Sure, nobody has yet come up with the world changing, completely disruptive, industry transforming Facebook for doctors that some pundits had predicted, but there are signs we’re getting closer. Lots of people are trying and social network-ish features are everywhere, with vendors giving their systems the ability to communicate with the outside world. That includes some of the “traditional” EMR vendors like Allscripts that are now linking their users.Continue reading…
Over a 1,000 exhibitors, some 30,000+ attendees and I come away from HIMSS, again, thinking is this all there is? Where is the innovation that the Obama administration i.e., Sec. Sebellius and Dr. Blumenthal both touted in their less than inspiring keynotes on Wednesday morn? Maybe I had my blinders on, maybe I was looking in the wrong places but honestly, outside of the expected, we now have an iPad App for that type of innovation where nearly every EHR vendor has an iPad App for the EHR, or will be realeasing such this year, I just didn’t see anything that really caught my attention. But then again, looking over my posts from previous HIMSS (this was my fourth), maybe my expectations need a serious reset and it would be wise of me to read this post next year before I get on the plane to Las Vegas and HIMSS’12.
Prior to HIMSS I participated in a webinar put on by mobihealthnews (BTW, Brian at mobi has a good article on some of those mobile apps being rolled out at HIMSS this year). My role in this webinar was to give an overview of what one might expect at HIMSS’11. Having weathered the last two HIMSS and the major hype in ’09 about Meaningful Use and ’10 when HIEs were all the rage, this year I predicted that the big hype would be around ACOs. Much to my surprise such was not the case.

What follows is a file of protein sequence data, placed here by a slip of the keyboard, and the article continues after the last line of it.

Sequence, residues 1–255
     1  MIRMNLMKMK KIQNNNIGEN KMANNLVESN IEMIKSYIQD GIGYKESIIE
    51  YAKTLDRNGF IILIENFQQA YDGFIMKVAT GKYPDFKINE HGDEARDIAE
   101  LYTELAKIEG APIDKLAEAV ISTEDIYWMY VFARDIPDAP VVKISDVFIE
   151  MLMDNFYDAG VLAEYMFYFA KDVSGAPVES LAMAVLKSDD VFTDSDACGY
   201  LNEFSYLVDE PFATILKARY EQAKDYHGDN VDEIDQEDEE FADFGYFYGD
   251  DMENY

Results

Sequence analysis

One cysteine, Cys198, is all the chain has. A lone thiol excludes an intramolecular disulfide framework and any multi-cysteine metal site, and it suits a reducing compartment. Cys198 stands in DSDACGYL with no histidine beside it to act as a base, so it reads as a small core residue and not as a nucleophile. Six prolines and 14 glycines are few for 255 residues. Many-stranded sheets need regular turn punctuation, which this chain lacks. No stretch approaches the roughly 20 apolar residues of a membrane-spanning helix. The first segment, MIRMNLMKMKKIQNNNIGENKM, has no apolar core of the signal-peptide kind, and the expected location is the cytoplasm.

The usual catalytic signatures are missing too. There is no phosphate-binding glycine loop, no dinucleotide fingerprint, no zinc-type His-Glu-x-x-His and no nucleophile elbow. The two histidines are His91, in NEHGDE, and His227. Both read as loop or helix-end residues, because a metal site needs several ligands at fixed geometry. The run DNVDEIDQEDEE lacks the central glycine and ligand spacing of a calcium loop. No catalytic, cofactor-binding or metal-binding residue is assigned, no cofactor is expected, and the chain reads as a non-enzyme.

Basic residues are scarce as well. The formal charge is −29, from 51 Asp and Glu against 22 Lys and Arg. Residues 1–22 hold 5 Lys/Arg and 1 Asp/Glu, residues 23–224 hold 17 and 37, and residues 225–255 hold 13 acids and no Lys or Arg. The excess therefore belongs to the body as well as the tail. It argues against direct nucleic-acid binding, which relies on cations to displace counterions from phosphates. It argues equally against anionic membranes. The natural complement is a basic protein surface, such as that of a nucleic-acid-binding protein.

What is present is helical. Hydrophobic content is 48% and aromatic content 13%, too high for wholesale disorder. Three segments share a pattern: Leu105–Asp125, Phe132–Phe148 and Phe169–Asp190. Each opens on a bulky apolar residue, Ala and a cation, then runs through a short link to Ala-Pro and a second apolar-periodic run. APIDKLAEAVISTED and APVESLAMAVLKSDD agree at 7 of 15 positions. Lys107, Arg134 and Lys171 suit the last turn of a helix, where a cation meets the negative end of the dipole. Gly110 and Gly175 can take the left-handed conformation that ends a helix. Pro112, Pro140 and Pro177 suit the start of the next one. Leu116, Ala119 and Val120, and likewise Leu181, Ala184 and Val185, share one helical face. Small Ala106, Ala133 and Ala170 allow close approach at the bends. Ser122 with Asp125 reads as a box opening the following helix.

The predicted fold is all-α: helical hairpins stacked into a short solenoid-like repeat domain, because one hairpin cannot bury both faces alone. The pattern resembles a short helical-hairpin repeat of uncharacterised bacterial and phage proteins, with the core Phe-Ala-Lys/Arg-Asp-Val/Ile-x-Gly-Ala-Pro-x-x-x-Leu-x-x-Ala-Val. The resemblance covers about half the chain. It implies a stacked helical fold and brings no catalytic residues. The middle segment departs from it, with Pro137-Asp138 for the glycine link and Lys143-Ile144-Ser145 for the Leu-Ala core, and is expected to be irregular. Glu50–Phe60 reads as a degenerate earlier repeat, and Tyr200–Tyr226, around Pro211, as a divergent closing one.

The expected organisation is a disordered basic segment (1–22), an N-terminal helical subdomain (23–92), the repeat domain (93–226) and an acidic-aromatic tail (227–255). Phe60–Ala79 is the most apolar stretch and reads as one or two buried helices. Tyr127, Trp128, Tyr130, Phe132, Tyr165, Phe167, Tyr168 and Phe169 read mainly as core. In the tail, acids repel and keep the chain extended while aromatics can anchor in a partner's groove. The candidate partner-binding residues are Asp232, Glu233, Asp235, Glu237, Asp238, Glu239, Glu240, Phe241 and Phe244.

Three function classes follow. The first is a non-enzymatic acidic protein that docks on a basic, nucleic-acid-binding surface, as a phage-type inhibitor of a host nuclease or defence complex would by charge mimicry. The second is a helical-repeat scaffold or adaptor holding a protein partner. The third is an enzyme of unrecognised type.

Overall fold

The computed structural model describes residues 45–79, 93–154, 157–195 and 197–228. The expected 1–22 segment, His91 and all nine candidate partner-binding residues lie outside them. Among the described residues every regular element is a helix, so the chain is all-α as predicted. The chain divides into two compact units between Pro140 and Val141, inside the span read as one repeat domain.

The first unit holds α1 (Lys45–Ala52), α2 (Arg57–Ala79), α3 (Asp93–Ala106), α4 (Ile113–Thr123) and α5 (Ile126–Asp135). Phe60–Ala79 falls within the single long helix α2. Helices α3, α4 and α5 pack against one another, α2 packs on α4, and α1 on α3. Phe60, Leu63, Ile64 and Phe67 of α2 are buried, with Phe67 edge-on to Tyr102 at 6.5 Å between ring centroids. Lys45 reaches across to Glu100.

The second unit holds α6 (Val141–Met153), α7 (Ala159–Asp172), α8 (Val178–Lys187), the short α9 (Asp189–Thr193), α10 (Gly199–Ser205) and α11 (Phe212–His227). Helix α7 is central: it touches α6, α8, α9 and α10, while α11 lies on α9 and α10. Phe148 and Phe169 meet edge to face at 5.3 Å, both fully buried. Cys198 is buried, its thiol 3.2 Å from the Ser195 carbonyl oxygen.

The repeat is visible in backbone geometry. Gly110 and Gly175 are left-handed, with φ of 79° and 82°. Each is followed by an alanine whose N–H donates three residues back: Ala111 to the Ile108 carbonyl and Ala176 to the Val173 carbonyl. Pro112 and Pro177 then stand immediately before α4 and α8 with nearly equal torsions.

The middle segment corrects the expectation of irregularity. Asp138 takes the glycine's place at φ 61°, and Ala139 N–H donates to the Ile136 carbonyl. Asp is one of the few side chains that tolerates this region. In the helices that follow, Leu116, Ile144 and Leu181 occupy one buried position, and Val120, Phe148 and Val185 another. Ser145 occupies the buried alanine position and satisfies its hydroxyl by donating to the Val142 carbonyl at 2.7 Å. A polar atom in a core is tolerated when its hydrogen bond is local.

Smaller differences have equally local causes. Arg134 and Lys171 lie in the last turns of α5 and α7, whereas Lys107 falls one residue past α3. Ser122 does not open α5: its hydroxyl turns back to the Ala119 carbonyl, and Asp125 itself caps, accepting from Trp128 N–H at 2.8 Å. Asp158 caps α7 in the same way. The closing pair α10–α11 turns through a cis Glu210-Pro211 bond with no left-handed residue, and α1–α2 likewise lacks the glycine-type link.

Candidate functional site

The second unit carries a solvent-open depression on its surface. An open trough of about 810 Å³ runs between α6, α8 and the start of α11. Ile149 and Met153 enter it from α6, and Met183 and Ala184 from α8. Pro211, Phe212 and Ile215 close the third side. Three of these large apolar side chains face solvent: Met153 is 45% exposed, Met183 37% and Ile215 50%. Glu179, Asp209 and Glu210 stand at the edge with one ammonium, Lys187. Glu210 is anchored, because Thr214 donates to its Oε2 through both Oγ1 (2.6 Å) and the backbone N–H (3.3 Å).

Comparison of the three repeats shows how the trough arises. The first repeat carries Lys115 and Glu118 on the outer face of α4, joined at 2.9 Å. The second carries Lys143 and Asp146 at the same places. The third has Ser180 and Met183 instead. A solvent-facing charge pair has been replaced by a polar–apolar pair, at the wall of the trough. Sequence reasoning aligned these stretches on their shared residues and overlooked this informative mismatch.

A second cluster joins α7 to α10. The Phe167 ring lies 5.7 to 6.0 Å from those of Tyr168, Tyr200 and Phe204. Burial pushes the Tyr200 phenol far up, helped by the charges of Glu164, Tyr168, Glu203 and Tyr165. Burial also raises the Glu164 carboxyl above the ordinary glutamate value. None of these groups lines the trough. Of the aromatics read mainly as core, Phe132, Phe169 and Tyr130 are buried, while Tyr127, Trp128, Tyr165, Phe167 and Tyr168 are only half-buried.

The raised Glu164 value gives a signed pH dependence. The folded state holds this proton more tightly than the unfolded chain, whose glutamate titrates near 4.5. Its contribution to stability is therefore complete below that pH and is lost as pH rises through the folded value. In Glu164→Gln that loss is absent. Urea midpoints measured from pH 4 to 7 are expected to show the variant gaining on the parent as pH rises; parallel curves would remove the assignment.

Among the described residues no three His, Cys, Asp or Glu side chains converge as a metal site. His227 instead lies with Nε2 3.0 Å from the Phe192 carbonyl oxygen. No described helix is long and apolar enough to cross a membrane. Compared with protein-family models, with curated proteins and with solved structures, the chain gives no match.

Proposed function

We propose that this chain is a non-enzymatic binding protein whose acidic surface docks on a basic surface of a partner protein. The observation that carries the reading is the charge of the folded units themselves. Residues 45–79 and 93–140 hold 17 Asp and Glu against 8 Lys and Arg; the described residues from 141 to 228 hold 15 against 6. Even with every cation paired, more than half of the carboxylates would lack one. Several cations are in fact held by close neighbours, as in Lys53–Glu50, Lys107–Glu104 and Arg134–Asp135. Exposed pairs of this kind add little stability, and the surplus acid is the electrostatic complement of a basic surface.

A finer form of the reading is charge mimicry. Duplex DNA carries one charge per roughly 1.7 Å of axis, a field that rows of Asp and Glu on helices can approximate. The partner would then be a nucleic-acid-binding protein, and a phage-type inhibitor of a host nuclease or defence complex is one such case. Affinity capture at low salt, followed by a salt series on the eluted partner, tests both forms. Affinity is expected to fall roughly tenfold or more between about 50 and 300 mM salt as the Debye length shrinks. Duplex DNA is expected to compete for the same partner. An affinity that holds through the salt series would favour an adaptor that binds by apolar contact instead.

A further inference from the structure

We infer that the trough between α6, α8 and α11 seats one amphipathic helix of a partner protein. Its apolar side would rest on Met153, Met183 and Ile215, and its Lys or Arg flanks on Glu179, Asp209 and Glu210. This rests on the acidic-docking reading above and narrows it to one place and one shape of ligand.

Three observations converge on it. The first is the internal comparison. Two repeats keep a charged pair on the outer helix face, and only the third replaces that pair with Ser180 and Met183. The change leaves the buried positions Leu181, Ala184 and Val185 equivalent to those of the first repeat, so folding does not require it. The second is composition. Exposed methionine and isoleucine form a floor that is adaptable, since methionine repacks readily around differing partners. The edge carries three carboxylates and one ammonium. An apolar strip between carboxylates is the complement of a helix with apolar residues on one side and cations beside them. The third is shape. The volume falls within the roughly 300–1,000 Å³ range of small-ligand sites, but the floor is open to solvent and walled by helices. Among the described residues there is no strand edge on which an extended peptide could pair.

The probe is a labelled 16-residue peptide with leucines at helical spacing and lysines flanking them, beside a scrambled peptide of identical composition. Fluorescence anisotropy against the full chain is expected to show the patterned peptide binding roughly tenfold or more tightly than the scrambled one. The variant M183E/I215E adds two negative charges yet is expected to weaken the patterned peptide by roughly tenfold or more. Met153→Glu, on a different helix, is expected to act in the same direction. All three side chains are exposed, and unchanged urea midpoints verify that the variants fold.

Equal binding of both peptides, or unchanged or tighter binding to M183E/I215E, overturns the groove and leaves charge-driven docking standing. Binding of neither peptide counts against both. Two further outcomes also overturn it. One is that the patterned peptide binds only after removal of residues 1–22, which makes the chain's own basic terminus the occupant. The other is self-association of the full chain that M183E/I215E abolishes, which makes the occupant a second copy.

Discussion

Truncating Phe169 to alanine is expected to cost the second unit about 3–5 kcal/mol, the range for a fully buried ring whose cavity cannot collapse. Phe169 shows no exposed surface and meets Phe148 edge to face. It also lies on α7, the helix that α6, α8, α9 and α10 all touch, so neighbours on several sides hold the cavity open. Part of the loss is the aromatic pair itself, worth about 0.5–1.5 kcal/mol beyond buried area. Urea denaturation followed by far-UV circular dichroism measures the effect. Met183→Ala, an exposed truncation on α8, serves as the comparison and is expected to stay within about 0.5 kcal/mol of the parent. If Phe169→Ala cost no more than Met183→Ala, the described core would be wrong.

For the uninitiated, every year HIMSS runs a big huge trade show for EHR and HIT vendors, which is to the HIT industry what Oscar night is to Hollywood. No, HIMSS does not award any prizes or trophies, but it occasions the same breath taking congregation of all industry glitterati in one place, complete with clever little parties and big extravagant shows. There were well over 30,000 people at this year’s HIMSS11 conference, and although I wasn’t one of them, I made sure to follow the events through the steady Twitter stream and many excellent blogs, reports and interviews, because what happens at HIMSS is good indication for what the HIT industry is doing and where it is going. So to summarize all the excitement, the established HIT folks are doing Meaningful Use, which has become yesterday’s news, with HIE being the next project on the books. Everything is being pushed to tablets and the cutting edge innovations are all about a myriad of small Mobile Health (mHealth) applications. Analytics and business intelligence is looming large on a horizon filled with provider consolidation, capitation and value-based medicine.
On the surface, this seems a very logical succession of events. Meaningful Use is collecting data, HIE will make it liquid and, as predicted, 1000 flowers of innovative mobile applications will eventually be blooming to bring the liquid data to consumers and innovators who will slice and dice it to provide us all with unimaginable medical utility. However, in the excitement of anticipation on those balmy Florida nights, it is easy to overlook the fact that this entire chain of events is based on one assumption: somewhere, somehow, someone will have to enter data into the system, consistently, accurately and in minute detail. For free. Is there a problem here?Continue reading…